Melissa lifted her hands out of the sink, shook the excess water away then rested them on a clean towel to dry naturally. The sparseness of her surroundings prompted Melissa to cogitate on the events of the afternoon. Lionel had loved her, she supposed, but she had refused his affections for many years. He would never be her father, she thought clinically, so I can never pretend to be his daughter. Until the age of about six she had accepted his paternal role in her life without question. She was all she had known and she loved him like a daddy even though he was careful to feint away from the title. He had never hidden the truth of her story but she remembered vividly an evening after school he had taken her out to the park to talk to her about serious things she needed to hear. The sun had just dipped behind the trees as she sat on the roundabout swinging her legs and watching the warm glow of late summer seep through the park foliage behind Lionel’s head. He had chosen a summer evening and a familiar spot to tell her how she had become his family. He described how much he loved her. He explained how delighted he had been to offer a homeless child a place to be safe and happy but as he talked, the summer evening took on a chill. Clouds had begun to gather on the horizon and the quality of light had dropped significantly as he told her that her mother had abandoned her after her baby had been born. Without warning, Melissa felt that she was in the hands of a stranger. ‘Stranger Danger’ they had called it at school and despite Lionel’s best efforts to get the place and timing perfect, Melissa became taut and increasingly uncooperative when he decided it was time to get in the car and go home. She refused to hold his hand as they walked back to the vehicle. Lionel thought she was asserting her right to behave like a grown up but in fact, she was pulling herself away from him. Over the years, she stopped asking him to take her out and happily relied on her friend’s parents for help. Melissa knew he had only seen her considerate nature in her refusal to accept his generosity. One day she had chalked a family tree onto the paving slabs outside the back door. It showed Mummy and Daddy having baby Melissa and no sign of Lionel. Years later when he discovered he had been omitted from her 16th birthday plans he had left her gifts at the foot of her bed and gone silently to bed. Melissa then knew that he had admitted to himself the change in her affection towards him. She had recoiled from his touch, timed appointments to coincide with times he was at home, bought a lock for her bedroom door and found a multitude of little ways in which to keep him away. She was repulsed at living with a man twice her age, who was not her father and his proximity developed into abhorrence. Lionel had never asked to be called Dad but Melissa made a strange coupling between him and her mother that she could neither express nor forget. He would always appear to her like the cuckoo in the nest that had ousted her mother even though he had fostered her after her abandonment. Sharing a house with him began to feel like a perversion to Melissa.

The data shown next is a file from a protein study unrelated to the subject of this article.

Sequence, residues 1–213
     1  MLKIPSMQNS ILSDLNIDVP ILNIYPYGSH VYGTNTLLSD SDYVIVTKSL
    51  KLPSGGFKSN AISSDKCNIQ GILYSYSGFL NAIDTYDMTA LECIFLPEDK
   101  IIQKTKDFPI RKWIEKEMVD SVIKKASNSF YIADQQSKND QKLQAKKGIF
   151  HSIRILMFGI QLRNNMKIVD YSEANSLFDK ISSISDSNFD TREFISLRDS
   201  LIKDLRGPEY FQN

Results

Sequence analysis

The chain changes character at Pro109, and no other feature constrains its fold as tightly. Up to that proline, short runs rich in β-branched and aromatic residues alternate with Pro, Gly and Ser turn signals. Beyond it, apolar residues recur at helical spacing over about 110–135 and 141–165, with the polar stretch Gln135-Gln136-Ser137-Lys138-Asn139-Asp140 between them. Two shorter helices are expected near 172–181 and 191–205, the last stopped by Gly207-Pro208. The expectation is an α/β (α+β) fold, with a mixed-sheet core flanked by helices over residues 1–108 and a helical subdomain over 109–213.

Magenta Unwin filed the last of his pending paperwork into the top drawer of his desk and slid the drawer shut with a muted swish-thud. It was Friday and he had plans. His little butterfly would be waiting inside the front door with his scarlet kimono draped over her arm. They would kiss, he would wrap her in his arms and tonight he might scoop her off her feet and carry her to the bedroom. He had decided that this evening would be perfectly romantic. He would turn her head with lilies, catch her eye with chocolate and melt her heart with diamonds. His colleagues assumed he lead a bachelor existence because he had never been accompanied to work Christmas drinks and kept his home life an intensely personal matter. Descending in the lift from the 12th floor, Magenta smiled to himself and studiously disregarded the glances of piqued interest of the others dropping down the floors to their weekends.